Located in a small village called Vianden — in the northeast of Luxembourg, just a few hundred meters from the German border — is a castle that is almost a thousand years old.
Vianden Castle is one of the largest fortified castles west of the Rhine, with a height of 310 metres (1,020 ft), and a total length of 90 metres (300 ft). Set on a rocky promontory, the castle towers above the rest of the town and overlooks the River Our.
In 2019, Vianden Castle was listed by CNN as one of the 21 most beautiful castles in the world.
Vianden Castle was constructed between the 11th and 14th centuries on the foundations of a Roman castle and a Carolingian refuge. Until the beginning of the 15th century, it was the seat of influential counts of Vianden. After that, it was more or less abandoned as the counts gained the additional title of the House of Nassau-Orange.
In 1820, under the reign of King William I of Holland, the castle was sold to an alderman who then started to demolish the building, selling off parts of it piece by piece — from the roof tiles, to the wood paneling, to the doors and windows. Consequently, the castle fell into a state of ruin.
There had been several attempts at restoration but they were thwarted by the Belgian Revolution and the World Wars. It wasn’t until 1977 that it was transferred to state ownership and restoration work began in earnest. The chapel and the small and large palaces, which originate from the 12th and 13th centuries are the parts that are preserved to this day.
Vianden Castle is now an important historical monument in Europe.
How to Get to Vianden Castle from Luxembourg City
From the Luxembourg Central Train Station, take the train to Diekirch. This journey will take approximately 47 minutes long. Once in Diekirch, take the 570 bus to Vianden and get off at the stop on the far side of the river, directly beneath Vianden Castle.
*As of 1st March 2020, all public transports in Luxembourg — including trains, trams, and buses — are free, making them the first country in the world with completely free public transportation! This is definitely my kind of country.
To get the best view of the village and the Our Valley, you can take the chairlift to reach Vianden Castle. The chairlift takes you from an altitude of 220m to 440m, right to the top of the highest hill in Vianden. From the top, you need to make a short descent to get to Vianden Castle.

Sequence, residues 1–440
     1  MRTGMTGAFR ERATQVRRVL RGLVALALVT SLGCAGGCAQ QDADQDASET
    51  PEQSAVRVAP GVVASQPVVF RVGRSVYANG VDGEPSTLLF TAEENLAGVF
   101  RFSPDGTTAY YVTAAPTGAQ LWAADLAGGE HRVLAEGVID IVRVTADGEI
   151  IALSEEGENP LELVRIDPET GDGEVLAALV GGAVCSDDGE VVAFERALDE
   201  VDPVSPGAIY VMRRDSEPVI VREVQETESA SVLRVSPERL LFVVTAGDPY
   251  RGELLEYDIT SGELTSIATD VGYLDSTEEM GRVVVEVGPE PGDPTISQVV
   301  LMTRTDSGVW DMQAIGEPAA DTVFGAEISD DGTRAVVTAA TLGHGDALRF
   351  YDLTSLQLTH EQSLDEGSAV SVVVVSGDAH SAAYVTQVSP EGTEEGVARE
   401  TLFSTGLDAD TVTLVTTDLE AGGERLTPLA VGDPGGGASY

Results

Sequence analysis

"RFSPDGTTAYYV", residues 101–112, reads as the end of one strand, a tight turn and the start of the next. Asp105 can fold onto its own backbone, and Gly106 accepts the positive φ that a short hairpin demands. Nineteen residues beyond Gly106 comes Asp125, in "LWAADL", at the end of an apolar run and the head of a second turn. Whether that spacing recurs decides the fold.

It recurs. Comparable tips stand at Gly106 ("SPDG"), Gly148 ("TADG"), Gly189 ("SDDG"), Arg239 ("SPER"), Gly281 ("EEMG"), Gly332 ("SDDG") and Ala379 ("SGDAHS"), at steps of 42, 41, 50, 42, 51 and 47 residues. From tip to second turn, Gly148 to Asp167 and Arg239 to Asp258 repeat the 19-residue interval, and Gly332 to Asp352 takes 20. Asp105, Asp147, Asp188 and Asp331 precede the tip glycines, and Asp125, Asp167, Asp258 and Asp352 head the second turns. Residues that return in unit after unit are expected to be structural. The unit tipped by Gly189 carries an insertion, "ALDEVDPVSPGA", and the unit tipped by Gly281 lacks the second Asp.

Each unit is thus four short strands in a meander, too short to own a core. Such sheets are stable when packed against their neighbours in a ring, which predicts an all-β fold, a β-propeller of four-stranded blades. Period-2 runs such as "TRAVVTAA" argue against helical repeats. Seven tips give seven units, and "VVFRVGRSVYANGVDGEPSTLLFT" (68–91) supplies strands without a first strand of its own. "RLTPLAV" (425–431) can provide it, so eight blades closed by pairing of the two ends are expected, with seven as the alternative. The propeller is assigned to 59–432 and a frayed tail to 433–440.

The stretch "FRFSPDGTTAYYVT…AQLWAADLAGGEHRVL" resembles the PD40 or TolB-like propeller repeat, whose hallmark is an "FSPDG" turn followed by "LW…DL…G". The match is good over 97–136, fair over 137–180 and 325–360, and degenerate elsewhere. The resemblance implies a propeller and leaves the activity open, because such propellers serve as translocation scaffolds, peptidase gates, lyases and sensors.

The chairlift can be taken both up and down. It’s open from Easter to October (10 a.m. to 5 p.m.), and closed in October in case of bad weather.
One way: 4.30 € (Adult) / 2.70 € (Child)
Both ways: 5.80 € (Adult) / 3.30 € (Child)
Group both ways (> 10 people) : 4.70 € (Adult) / 3.00 € (Child)
FREE with Luxembourg Card.
What to Expect
When you get off the bus in Vianden, look out for the map that shows all the different routes leading up to the castles. Yes, there are several, but don’t worry — the castle can be seen from practically everywhere in the village, so you aren’t likely to get lost. It’s a little over half a mile to get to the entrance of the castle, and along the way, you will see some cute little shops.
In the courtyard of the castle, the National Monuments and Sites Services has set up an interactive Information Center, where you can see a permanent exhibition of the castle history, its development and its many phases of construction and deconstruction.
Once you have passed that, you’ll get to see the rest of the castle. With a total length of 90 metres, it contains 20 rooms that are open to visit, showcasing Romanesque, Gothic, or Renaissance architecture.
As the castle had been deconstructed and restored many times over the centuries, it became a patchwork of different eras. Don’t miss the Upper Chapel, which has been restored to reflect its original Gothic architecture, the Archaeological Crypt, the Grand Kitchen, and the two seigniorial rooms.